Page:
Art in Lesotho
As elsewhere in southern Africa, rock paintings from prehistoric times, as well as recent times, have been found in Lesotho by the San people.
The residential houses have the same appearance as in South Africa, Botswana and Zimbabwe. Often, the exterior walls are painted in geometric patterns in earth colors, done by the women. This type of women’s art is constantly evolving. In recent decades, textile fabrics and textile arts have also been produced for export.
Music in Lesotho
Although the Sotho people are culturally related to other peoples in southern Africa, long-term geographical separation has formed the basis for the development of styles that are peculiar to the Sotho music.
The instruments are divided into two groups, those played by hand and those played by mouth. Among the former are moropa (one-lap drum), sekupu (two-lap drum), morutlhoana (rattles), the many meadows (bells), thomo ( bow of music) and masholo-sholo ( seats ). The second group includes liphala (horn), phalana (flute), lekope (musical arc with mouth resonance), sekebeku (mouth harp) and lesiba (seats with mouth resonance). Interaction is little used, but instruments are often used as accompaniment to singing.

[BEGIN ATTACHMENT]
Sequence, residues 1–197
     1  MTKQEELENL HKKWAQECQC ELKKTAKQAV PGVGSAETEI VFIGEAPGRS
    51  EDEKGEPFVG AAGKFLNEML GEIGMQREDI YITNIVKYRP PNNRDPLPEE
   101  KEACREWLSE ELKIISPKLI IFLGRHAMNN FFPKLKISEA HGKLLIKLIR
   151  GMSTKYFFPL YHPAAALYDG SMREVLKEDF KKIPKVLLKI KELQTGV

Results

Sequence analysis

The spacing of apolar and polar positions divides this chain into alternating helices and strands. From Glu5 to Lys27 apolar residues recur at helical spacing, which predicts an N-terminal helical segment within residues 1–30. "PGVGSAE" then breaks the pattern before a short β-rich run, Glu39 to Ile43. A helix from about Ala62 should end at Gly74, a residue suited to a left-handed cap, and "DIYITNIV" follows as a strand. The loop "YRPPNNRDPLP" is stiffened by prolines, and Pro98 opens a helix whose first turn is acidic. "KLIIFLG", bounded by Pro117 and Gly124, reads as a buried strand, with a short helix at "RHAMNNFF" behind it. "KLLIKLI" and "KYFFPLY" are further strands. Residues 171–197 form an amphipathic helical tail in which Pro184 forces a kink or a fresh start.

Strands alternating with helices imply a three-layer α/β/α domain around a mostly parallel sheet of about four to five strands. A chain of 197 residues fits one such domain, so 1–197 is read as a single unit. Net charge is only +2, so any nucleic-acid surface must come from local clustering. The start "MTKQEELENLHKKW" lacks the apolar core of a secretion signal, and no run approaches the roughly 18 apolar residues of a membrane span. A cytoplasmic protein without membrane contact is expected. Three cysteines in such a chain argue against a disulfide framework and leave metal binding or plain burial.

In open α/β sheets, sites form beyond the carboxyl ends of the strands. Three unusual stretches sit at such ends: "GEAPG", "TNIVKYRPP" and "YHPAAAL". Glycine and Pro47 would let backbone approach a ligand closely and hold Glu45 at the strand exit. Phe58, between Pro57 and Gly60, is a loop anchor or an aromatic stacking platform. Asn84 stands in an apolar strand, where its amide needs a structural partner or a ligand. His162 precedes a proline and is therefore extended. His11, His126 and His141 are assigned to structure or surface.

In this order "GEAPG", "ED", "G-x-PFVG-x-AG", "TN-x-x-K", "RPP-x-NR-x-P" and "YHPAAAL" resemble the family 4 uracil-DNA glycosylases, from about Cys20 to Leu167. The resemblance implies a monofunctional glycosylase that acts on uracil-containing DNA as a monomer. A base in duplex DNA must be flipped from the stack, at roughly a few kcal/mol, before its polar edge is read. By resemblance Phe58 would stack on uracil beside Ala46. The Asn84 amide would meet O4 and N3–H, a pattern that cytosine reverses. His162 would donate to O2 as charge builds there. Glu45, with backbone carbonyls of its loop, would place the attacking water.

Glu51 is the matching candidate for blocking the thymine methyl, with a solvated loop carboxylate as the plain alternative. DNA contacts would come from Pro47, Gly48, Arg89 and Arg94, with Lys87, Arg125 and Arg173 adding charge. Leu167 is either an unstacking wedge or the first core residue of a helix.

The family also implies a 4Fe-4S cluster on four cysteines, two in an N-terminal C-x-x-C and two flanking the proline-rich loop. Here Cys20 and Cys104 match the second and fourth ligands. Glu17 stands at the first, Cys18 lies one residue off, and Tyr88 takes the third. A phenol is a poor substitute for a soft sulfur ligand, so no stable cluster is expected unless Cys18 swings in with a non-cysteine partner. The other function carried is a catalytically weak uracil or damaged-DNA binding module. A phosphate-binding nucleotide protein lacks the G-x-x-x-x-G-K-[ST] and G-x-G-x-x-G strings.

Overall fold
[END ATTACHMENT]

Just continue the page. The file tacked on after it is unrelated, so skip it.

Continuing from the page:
Songs are also divided into two groups: the songs that are performed while the singer is at rest, and those that are sung “with their feet”, ie for dance and various work operations. Multi-voice alternating songs between the leader and the whole group are common, accompanied by drumming and clapping.
Folk music is closely related to specific social contexts and is performed by non-professional performers. Mass media and social development have led to the emergence of new genres. A number of Sotho composers are active in popular music, traditional Sotho music and Western art music.